• pipes and equipment that are part of the impedance heating circuit must be electrically isolated as specified in Table 70 and guarded or shielded,
  • all pipes and equipment used for conductors in the impedance heating electrical circuit must be of the same diameter and made of the same material,
  • electrical connection joints must be at least as electrically conductive as the adjacent pipe and equipment, such as provided by welding or bonding,
  • impedance heating circuits must meet the installation requirements of IEEE844.4/CSA C293.4 standard for impedance heating of pipelines and equipment.

Rule 62-318 states that in addition to Section 18, trace heating systems installed in hazardous locations must meet the installation requirements in CSA Standard C60079-30-2.

Other heating systems 

Rules 62-400 to 62-410 apply to other heating systems that are not space or surface heating systems, such as internal pipe heaters, immersion heaters, and hot water tanks.

Rule 62-400 requires trace heaters and panel sets installed within pipes, ducts, or

Vessels to be:

  • suitable for the application,
  • pass through a suitable gland,
  • installed in such a way to prevent flooding of a metal raceway containing the non-heating leads if the gland fails, and
  • controlled by a thermostat or other suitable temperature-limiting system to prevent damage to the pipe, duct, or vessel.

 

Rule 62-402 requires that the overcurrent protection for storage-tank water heaters and associated service, feeder, and branch circuit conductors comply with Rule 62-114

 

Rule 62-404 outlines installation requirements for infrared drying luminaires as follows:

  • medium-base types are permitted to be used with lamps rated at 300 W or less,
  • screwshell luminaires are not to be used with lamps rated at more than 300 W unless intended for the purpose, and
  • in industrial establishments, luminaires may be operated in series on circuits of more than 150 volts-to-ground where adequate spacings for the higher circuit voltage are provided.

Rule 62-406 applies to induction and dielectric heating and requires that:

  • the overcurrent device in circuits supplying non-motor-generator equipment may be rated at not more than 200% of the ampacity of the circuit insulated conductors,
  • a readily accessible disconnecting means rated not less than the nameplate rating of the heating device, be provided to disconnect each heating device from its supply circuit, and be located within sight and within 9 m of the heating device unless the disconnecting means can be locked in the open position,
  • A readily accessible disconnecting means, having a rating following Section 28, be provided for each generator or group of generators at a single location, and
  • the supply circuit disconnecting means may be used as the disconnecting means if the circuit supplies only one motor-generator, vacuum tube, or solid-state converter.

Rule 62-408 requires that a bare element water heater be:

  • supplied from a grounded system,
  • permanently connected to a branch circuit that supplies no other equipment,
  • protected by a Class A type ground fault circuit interrupter, and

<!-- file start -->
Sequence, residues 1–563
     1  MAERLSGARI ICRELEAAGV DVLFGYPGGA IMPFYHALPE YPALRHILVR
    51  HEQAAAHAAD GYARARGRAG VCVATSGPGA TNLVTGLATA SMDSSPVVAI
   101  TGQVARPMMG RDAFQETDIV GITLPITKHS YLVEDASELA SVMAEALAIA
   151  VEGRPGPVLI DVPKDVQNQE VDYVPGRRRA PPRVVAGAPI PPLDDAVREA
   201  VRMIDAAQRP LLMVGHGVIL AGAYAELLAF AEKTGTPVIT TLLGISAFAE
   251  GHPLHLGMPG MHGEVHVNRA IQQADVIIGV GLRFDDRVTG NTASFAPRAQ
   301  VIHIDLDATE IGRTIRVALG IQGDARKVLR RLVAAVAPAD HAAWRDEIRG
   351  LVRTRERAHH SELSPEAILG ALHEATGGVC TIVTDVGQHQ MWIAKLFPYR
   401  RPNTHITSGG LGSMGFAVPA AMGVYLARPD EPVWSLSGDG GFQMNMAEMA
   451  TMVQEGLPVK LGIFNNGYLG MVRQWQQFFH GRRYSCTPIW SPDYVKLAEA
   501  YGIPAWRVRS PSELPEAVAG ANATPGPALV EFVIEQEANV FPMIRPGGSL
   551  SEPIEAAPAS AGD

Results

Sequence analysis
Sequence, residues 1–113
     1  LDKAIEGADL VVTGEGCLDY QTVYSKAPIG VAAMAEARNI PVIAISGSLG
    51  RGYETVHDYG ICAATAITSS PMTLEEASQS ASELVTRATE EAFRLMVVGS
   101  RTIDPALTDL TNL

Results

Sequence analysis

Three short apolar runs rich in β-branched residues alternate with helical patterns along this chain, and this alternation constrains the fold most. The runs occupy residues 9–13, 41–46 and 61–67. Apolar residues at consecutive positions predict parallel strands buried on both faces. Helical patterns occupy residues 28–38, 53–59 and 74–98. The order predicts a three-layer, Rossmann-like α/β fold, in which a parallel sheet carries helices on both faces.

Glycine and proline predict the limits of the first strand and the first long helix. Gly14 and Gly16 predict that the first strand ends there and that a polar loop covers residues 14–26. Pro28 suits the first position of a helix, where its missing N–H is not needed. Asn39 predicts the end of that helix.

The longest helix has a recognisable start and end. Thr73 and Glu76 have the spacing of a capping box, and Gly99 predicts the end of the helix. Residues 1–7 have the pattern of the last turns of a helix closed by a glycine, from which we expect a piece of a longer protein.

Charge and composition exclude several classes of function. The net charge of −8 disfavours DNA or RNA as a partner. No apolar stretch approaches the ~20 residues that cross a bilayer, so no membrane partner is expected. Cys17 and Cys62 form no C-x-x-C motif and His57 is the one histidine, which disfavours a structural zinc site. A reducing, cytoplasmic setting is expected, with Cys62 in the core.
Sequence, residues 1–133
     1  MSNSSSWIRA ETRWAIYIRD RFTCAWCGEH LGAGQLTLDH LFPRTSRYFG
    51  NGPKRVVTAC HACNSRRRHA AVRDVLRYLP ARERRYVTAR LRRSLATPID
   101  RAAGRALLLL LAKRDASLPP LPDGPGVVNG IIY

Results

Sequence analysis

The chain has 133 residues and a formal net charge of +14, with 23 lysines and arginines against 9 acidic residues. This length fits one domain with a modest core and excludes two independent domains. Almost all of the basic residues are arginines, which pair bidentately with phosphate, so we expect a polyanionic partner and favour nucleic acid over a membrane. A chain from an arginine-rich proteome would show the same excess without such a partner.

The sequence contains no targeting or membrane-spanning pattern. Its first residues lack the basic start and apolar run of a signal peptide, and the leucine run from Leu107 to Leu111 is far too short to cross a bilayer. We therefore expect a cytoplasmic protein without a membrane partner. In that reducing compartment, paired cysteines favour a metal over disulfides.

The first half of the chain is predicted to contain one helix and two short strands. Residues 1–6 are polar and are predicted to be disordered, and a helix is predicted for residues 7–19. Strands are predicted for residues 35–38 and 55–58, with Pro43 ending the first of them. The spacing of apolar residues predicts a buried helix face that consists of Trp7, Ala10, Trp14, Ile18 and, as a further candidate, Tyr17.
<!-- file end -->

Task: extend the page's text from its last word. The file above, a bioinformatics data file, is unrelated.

• not located within 1.5 m of the heated water point of utilization.

In the next installment, we will be discussing Section 64 — Renewable energy systems

 

Source: CSA C22.1:21, Canadian Electrical Code, Part 1 - Safety Standard for Electrical Installations. © 2021 Canadian Standards Association. Please visit store.csagroup.org. With the permission of CSA Group, material is reproduced from CSA Group standard CSA C22.1:21, Canadian Electrical Code, Part 1 - Safety Standard for Electrical Installations. This material is not the complete and official position of CSA Group on the referenced subject, which is represented solely by the Standard in its entirety. While use of the material has been authorized, CSA Group is not responsible for the manner in which the data are presented, nor for any representations and interpretations. No further reproduction is permitted. For more information or to purchase standard(s) from CSA Group, please visit store.csagroup.org or call 1-800-463-6727. 

William (Bill) Burr is an associate member of the Canadian Electrical Code, Part 1, Technical Committee and formerly Chair of the Canadian Advisory Council on Electrical Safety (CACES), Chief Electrical and Elevator Inspector for the Province of BC & the Northwest Territories, Director of Electrical and Gas Standards Development and Director of Conformity Assessment at CSA Group. Bill can be reached at Burr and Associates Consulting billburr@gmail.com.

 

 

 

Contractors! You Deserve Better.

You Deserve BetterContractors! You Deserve Better | Win $2,000 Grand Prize from LEDVANCE, THE WORLD'S LEADING VERTICALLY INTEGRATED LIGHTING COMPANY

OFFERING SYLVANIA AND LEDVANCE BRANDED LIGHTING PRODUCTS IN CANADA


You deserve better and LEDVANCE wants to make sure you know it. Enter for a chance to be one of over 190 winners with the grand prize including $2000 and a SYLVANIA Work Light!

Read More


Changing Scene

  • Prev
E.B. Horsman & Son (EBH) has announced their Victoria branch has moved to a new location as ...
Canada’s Building Trades Unions has been selected as an intermediary for the Apprenticeship Service ...